Step 4, forecasts shift probabilities, presents a forecast as new information that shifts the historical (i.e., climatological) probability distribution, and equips participants to interpret a forecast in POE format. In a location where farmers are familiar with El Niña and/or La Niña, the shifted distribution can be obtained by showing a POE graph for El Niño alongside the climatological distribution, and the corresponding time series graph with El Niño years highlighted. A simplified explanation of what meteorologists mean when they refer to El Niño (i.e., warmer than normal eastern equatorial Pacific Ocean temperatures), and how it can influence climate conditions in other parts of the world, can help build confidence. The alternative is to ask participants to agree on a familiar location with a wetter (dryer) climate, discus how its climate would be represented by a POE curve to the right (left) of their location, and lead participants to discuss what it would be like to operate their farm in the climate of the other location. Once participants demonstrate a qualitative understanding of what a forecast shift in the probability distribution means, they practice reading probabilities of experiencing rainfall above and below the agreed seasonal rainfall total thresholds from Step 3, for a forecast from a previous year.
Steps 1–4 equip farmers to trust and interpret the seasonal forecast. In steps 5–6, the focus shifts from training to planning for the upcoming season. When the forecast is presented, concepts presented in steps 3–4 will be applied to interpret the actual forecast.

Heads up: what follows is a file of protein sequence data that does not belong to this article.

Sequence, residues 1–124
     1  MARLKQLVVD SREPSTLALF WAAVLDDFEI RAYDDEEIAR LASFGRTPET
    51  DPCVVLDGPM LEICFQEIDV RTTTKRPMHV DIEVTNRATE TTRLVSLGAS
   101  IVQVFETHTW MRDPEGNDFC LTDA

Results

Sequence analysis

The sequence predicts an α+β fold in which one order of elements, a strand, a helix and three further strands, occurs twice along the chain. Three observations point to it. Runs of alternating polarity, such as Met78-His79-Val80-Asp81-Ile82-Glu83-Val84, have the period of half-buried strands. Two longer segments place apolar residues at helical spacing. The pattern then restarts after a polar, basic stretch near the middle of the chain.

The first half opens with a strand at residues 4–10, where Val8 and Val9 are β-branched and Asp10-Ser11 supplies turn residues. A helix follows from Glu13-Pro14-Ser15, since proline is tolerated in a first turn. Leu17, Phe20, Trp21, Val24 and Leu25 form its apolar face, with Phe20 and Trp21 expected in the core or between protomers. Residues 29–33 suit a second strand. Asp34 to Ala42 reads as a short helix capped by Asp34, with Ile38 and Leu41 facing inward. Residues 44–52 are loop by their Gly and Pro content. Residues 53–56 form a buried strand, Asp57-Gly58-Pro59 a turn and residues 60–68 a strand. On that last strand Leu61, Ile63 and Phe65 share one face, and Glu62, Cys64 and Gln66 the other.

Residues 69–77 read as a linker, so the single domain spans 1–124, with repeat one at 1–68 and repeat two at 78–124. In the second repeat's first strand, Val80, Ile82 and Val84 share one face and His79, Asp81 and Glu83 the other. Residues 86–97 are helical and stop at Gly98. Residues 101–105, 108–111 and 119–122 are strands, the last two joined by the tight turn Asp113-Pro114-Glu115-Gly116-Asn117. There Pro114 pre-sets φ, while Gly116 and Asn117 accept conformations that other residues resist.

The current seasonal forecast, current climate conditions, and potentially other information that might impact farmers' plans for the upcoming season are presented in Step 5. If the current forecast includes additional seasonal variables (e.g., season onset and cessation dates, probabilities of dry spells, growing degree-days), these forecasts can be presented and discussed. The forecast presentation leads into Step 6, farm planning, when farmers discuss and decide what seasonal management decisions, if any, they will change in response to the forecast. Group discussion allows participants to learn from other farmers, and get feedback on their ideas. While agricultural extension personnel and other professionals present may provide information about management options and answer questions, the process aims to support farmers' decision making.
The full forecast training, communication and planning workshop is needed only the first time farmers are exposed to the Flexible Forecast format. It might be desirable to conduct the training (steps 1–4) during a slow part of the agricultural calendar when farmers and facilitators have more time available, and hold a shorter workshop to present the actual forecast and adjust plans for the upcoming season (steps 5–6). The size of a workshop should generally be limited to about 25–30 farmers so all individuals can participate in discussion and participatory activities, and the facilitator can gauge when participants understand the concepts.
The process can be adapted to farmers with differing education and literacy levels. For example, where literacy rates are low, pictures could be used to identify graph components and characterize farmers' perceptions of recent years, and more discussion and repetition will likely be required. Where participants are unfamiliar with percentages, probabilities could be expressed as number of years out of ten. The participatory activities deriving time series and POE graphs could probably be eliminated and overall time reduced where farmers are already familiar with graphs. While our pilot training workshops took 12–14 h over two days, it may be possible to reduce them to a single day by eliminating or reducing participatory activities generating graphs, if the majority of farmers are literate and comfortable with graphs.